Due to our ongoing drought conditions, fire-wise landscaping is now a year-round responsibility in Southern California. While no plants are fire-proof, some can greatly reduce the heat generated during a wildfire, and reduce the ability of the fire to travel to a home or structure.
Here are some fire-wise landscaping tips from BeWaterWise.com:
Keep plants properly watered, especially within 30’ of home but do not overwater.
Use of hard scape materials, such as stone/brick/concrete pathways and patios, and inorganic mulches adjacent to home adds to your fire resistant landscape.
Prune back tree limbs to 10’ from chimney.
Clear leaves and needles out of gutters and roof valleys.
Native plants can be used. Some may require trimming up lower branches. Eliminate fuel ladders from ground to lower then upper branches.
Remove invasive plant species, such as, Arundo, castor bean, and ivy.
Ensure that fuel management activities do not disturb birds’ nests, especially hummingbirds’, which are walnut-sized and easily overlooked.
Maintain defensible space around your home. Check with your local fire dept for the required distance.
Defensible space around your home reduces the risk of fire transmission to your property and allows firefighters safe access around structures. More info about defensible space here: https://www.pacificvistalandscape.com/single-post/2018/04/29/Defensible-Space
Going on vacation?
Before you leave for your vacation, make sure that you have also left your home well prepared in case a wildfire occurs while you are away:
Make sure to close all windows and doors securely
Remove anything flammable around perimeter of house, including any outdoor furniture, cushions, door mats, and trash cans
Clean up all yard debris before leaving, including under decks and in rain gutters
Making the choice to adapt these fire-wise tips can make the difference if a wildfire threatens your home or business. If you would like our landscaping experts to asses your landscaped areas, give us a call at 661-222-7525 for a free consultation!
Creating defensible space is important to improve your home’s ability to survive a wildfire. It’s the space you make between your property's buildings and the surrounding area of landscape.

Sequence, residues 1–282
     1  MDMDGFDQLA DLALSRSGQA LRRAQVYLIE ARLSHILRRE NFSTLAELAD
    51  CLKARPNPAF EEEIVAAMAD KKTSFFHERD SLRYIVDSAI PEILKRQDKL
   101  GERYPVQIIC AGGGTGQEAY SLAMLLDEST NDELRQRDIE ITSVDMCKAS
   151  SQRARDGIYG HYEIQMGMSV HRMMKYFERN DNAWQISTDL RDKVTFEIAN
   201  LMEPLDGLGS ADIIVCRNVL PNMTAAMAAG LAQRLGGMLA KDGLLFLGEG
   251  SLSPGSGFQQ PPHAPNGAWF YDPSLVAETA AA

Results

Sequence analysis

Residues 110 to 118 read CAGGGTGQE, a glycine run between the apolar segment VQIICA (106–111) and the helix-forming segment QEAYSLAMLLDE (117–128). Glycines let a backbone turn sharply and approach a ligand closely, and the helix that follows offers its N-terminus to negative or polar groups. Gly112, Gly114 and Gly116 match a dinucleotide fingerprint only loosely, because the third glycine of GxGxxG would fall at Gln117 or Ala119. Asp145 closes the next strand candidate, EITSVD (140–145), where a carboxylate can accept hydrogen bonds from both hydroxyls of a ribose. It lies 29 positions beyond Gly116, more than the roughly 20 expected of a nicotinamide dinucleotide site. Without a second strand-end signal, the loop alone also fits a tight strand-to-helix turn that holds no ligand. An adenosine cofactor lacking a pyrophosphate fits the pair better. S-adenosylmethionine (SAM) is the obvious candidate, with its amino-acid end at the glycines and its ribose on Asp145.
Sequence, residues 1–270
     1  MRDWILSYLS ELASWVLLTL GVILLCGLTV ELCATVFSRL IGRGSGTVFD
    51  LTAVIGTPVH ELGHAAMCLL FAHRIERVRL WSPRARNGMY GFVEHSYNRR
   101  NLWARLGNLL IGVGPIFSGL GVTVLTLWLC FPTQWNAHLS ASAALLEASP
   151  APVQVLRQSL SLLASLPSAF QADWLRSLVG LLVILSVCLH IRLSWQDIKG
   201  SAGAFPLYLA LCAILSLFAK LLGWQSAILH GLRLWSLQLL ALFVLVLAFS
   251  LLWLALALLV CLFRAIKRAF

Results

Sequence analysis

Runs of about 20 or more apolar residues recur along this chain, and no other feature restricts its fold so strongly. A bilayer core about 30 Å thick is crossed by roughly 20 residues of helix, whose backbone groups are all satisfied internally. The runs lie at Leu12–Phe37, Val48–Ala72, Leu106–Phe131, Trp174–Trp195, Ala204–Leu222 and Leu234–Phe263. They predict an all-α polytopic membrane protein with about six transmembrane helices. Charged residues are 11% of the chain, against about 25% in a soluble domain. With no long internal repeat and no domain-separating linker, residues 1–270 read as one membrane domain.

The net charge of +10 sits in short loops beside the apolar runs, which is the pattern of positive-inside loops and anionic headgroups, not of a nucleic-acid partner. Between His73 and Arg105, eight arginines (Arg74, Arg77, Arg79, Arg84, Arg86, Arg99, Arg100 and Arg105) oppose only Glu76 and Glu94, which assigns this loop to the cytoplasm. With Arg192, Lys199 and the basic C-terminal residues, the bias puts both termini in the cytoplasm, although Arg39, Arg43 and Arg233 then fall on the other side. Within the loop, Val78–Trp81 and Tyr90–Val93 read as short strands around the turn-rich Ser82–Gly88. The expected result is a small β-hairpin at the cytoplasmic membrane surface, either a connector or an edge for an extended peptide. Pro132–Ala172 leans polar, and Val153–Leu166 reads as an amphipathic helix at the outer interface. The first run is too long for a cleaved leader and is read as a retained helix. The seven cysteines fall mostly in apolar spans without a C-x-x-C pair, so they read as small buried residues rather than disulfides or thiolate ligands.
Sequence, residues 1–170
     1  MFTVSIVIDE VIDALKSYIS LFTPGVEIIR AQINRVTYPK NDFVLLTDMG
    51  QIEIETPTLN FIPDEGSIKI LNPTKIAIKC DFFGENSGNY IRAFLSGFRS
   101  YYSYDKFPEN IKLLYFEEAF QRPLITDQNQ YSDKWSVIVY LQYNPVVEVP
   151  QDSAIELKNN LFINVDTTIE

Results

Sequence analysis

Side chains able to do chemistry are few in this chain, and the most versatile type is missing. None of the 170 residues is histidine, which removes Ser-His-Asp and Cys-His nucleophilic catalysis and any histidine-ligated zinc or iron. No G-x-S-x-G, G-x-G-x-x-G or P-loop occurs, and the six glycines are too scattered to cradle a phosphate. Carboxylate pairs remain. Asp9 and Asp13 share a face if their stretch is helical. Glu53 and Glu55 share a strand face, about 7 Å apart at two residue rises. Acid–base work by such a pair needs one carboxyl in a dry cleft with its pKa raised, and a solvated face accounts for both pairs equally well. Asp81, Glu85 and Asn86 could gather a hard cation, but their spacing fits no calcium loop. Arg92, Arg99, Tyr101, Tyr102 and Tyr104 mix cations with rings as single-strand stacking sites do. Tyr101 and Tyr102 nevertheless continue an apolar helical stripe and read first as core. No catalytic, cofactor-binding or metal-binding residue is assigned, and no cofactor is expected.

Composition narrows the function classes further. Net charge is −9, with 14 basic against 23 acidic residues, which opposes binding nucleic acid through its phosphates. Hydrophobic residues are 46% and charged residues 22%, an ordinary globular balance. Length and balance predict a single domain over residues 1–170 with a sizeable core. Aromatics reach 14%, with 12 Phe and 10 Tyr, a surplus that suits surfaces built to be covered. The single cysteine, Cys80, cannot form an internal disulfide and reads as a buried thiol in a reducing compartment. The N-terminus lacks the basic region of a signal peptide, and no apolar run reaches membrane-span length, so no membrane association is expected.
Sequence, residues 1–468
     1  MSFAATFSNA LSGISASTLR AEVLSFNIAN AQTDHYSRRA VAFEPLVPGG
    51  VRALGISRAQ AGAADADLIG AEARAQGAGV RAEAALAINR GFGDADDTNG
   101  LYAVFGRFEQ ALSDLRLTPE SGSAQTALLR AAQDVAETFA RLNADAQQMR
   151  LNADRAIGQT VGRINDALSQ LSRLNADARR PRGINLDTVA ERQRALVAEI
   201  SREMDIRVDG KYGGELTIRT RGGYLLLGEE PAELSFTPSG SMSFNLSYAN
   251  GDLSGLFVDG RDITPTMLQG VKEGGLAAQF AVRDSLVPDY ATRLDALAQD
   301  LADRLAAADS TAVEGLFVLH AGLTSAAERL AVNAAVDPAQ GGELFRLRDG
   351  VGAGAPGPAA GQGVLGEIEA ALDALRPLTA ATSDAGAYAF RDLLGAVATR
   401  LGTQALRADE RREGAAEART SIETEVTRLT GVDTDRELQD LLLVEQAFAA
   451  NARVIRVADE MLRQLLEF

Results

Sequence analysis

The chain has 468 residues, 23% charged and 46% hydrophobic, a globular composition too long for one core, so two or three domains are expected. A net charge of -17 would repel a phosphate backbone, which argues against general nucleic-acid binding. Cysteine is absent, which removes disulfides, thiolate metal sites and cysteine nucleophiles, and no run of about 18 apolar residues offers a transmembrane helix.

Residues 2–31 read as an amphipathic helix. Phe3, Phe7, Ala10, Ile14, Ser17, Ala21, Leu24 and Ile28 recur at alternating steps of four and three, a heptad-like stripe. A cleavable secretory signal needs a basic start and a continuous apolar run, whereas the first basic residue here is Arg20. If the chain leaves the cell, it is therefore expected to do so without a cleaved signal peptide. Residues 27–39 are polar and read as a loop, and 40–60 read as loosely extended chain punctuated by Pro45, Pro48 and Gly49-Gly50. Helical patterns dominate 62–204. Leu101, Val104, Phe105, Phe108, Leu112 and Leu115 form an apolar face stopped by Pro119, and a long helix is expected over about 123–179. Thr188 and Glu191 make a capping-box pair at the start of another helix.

This buffer zone is essential to prevent the spread of fire to your home. Defensible space is also important to give firefighters a chance to properly defend your home and to increase their safety.
100 Feet of Defensible Space Required by Law
Back in January 2005, state law became effective that extended the defensible space clearance around homes and structures from 30 feet to 100 feet. Studies showed that proper clearance to 100 feet dramatically increases the chance of your house surviving a wildfire. Defensible Space Zones
Two zones make up the required 100 feet of defensible space. California Department of Forestry and Fire Protection and ReadyforWildfire.org have great tips to create a “LEAN, CLEAN and GREEN ZONE” by removing all flammable vegetation within 30 feet immediately surrounding your home. Then create a “REDUCED FUEL ZONE” in the remaining 70 feet or to your property line.
Zone 1 extends 30 feet* out from buildings, structures, decks, etc.
Remove all dead plants, grass and weeds (vegetation).
Remove dead or dry leaves and pine needles from your yard, roof and rain gutters.
Trim trees regularly to keep branches a minimum of 10 feet from other trees.
Remove branches that hang over your roof and keep dead branches 10 feet away from your chimney.
Relocate wood piles into Zone 2.
Remove or prune flammable plants and shrubs near windows.
Remove vegetation and items that could catch fire from around and under decks.
Create a separation between trees, shrubs and items that could catch fire, such as patio furniture, wood piles, swing sets, etc.
Zone 2 extends 100 feet out from buildings, structures, decks, etc.
Cut or mow annual grass down to a maximum height of 4 inches.
Create horizontal spacing between shrubs and trees. (See diagram)
Create vertical spacing between grass, shrubs and trees. (See diagram)
Remove fallen leaves, needles, twigs, bark, cones, and small branches. However, they may be permitted to a depth of 3 inches.
* San Diego County requires 50 feet of clearance in Zone 1. Check with your local fire department for any additional defensible space or weed abatement ordinances. Plant and Tree Spacing
The spacing between grass, shrubs, and trees is crucial to reduce the spread of wildfires. The spacing needed is determined by the type and size of brush and trees, as well as the slope of the land. For example, a property on a steep slope with larger vegetation requires greater spacing between trees and shrubs than a level property that has small, sparse vegetation. Vertical Spacing
Remove all tree branches at least 6 feet from the ground. Allow extra vertical space between shrubs and trees. Lack of vertical space can allow a fire to move from the ground to the brush to the tree tops like a ladder. To determine the proper vertical spacing between shrubs and the lowest branches of trees, use the formula below.
Example: A five foot shrub is growing near a tree. 3×5 = 15 feet of clearance needed between the top of the shrub and the lowest tree branch. Horizontal Spacing
Horizontal spacing depends on the slope of the land and the height of the shrubs or trees. Check the chart below to determine spacing distance.
Our team at Pacific Vista Landscape Services can help your home or commercial property meet the Defensible Space requirements. Call us today for a free estimate and see what we can do for you!